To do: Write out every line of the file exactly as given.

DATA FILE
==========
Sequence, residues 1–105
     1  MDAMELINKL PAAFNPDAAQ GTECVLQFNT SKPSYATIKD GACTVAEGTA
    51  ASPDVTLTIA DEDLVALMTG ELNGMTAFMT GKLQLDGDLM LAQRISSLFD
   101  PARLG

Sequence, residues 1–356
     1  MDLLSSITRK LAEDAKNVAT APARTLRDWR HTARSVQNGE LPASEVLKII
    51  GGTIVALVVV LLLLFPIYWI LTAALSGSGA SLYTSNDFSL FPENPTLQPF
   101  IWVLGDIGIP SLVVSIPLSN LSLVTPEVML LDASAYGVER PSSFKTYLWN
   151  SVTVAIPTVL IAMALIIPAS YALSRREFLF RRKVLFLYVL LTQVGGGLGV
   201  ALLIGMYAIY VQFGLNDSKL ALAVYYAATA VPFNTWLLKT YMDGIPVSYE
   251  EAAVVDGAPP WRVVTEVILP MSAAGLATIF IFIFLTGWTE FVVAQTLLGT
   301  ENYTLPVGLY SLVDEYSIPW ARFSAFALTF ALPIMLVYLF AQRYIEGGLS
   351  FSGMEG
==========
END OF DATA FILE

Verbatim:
Sequence, residues 1–105
     1  MDAMELINKL PAAFNPDAAQ GTECVLQFNT SKPSYATIKD GACTVAEGTA
    51  ASPDVTLTIA DEDLVALMTG ELNGMTAFMT GKLQLDGDLM LAQRISSLFD
   101  PARLG

Sequence, residues 1–356
     1  MDLLSSITRK LAEDAKNVAT APARTLRDWR HTARSVQNGE LPASEVLKII
    51  GGTIVALVVV LLLLFPIYWI LTAALSGSGA SLYTSNDFSL FPENPTLQPF
   101  IWVLGDIGIP SLVVSIPLSN LSLVTPEVML LDASAYGVER PSSFKTYLWN
   151  SVTVAIPTVL IAMALIIPAS YALSRREFLF RRKVLFLYVL LTQVGGGLGV
   201  ALLIGMYAIY VQFGLNDSKL ALAVYYAATA VPFNTWLLKT YMDGIPVSYE
   251  EAAVVDGAPP WRVVTEVILP MSAAGLATIF IFIFLTGWTE FVVAQTLLGT
   301  ENYTLPVGLY SLVDEYSIPW ARFSAFALTF ALPIMLVYLF AQRYIEGGLS
   351  FSGMEG